Danielle Su studied environmental science at Duke University and worked with the Environmental Defense Fund for two years before graduate school. She chose the M.S. in data science program through the Data Science Institute (DSI) at Columbia University for its reputation, location, and curriculum.Today, the 2020 alumna is a data scientist with IBM Marketing.
Congratulations! Can you tell us about any of your current projects?
I’m working on a data science model that scores clients’ marketing responses based on propensity for that response to become an opportunity for one of our sellers to pursue. It’s exciting for me to work in marketing because of how much data there is. I’m also fully realizing the weight and impact of a data scientist’s work. Even in the four months that I’ve been working, many executive decisions have been made based on analyses generated from the model. It’s great to work at such a data-driven company, but it’s also a good thing that all of us DSI alums know how to properly handle data, detect biases, and be meticulous when it comes to building models because it really matters.
How did you become interested in data science?
When I graduated from college and started working, I realized that I had spent a lot of my undergrad years thinking about the field I wanted to work in, but less time thinking about what exactly I’d be doing at my job. After working for a couple years, I took machine learning Coursera classes and fell in love with data science as a discipline. It was something that challenged me intellectually and I am passionate about applying it to answer the important questions that businesses and policymakers have.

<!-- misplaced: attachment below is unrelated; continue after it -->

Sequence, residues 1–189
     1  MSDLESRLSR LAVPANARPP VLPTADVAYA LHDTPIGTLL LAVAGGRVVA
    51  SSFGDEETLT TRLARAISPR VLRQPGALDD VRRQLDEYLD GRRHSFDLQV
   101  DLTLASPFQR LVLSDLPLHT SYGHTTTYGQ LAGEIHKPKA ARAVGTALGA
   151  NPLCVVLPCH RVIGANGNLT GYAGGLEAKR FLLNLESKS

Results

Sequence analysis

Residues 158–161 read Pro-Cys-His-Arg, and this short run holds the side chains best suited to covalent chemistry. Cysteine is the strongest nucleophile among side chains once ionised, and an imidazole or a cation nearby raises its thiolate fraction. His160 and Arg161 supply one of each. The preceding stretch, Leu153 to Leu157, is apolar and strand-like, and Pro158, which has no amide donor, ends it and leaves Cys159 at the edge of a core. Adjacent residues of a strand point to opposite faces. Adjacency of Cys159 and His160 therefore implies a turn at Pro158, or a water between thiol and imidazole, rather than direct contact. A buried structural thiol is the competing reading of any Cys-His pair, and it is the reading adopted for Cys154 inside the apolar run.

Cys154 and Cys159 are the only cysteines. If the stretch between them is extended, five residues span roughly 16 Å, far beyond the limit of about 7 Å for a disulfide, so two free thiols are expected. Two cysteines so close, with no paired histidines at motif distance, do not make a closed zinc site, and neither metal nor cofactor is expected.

What was your favorite course at DSI?
Machine Learning for Data Science with John Paisley. It provided such a great foundation for machine learning and made me feel confident to read any research paper in the future to understand anything that wasn’t taught in that class. Also, the slides from class were fantastic and I refer to them often.
What was your capstone project?
My capstone project was a research project with John Paisley and Marianthi Kioumourtzoglou on using a novel Bayesian nonparametric ensemble method to more accurately predict PM2.5 levels, or atmospheric particulate matter with a diameter less than 2.5 micrometers. It was great to work on a project with environmental relevance because it felt like going full circle in being able to apply what I learned in my master’s program to my undergrad major.
Which internship opportunities did you have during your DSI studies?
I had a part-time spring internship at SiriusXM and a full-time summer internship with IBM Marketing, where I now work. The internships gave me confidence to apply all that I had learned at Columbia to real world business problems.
What are three things you have gained from your DSI experience?
— Sharnice Ottley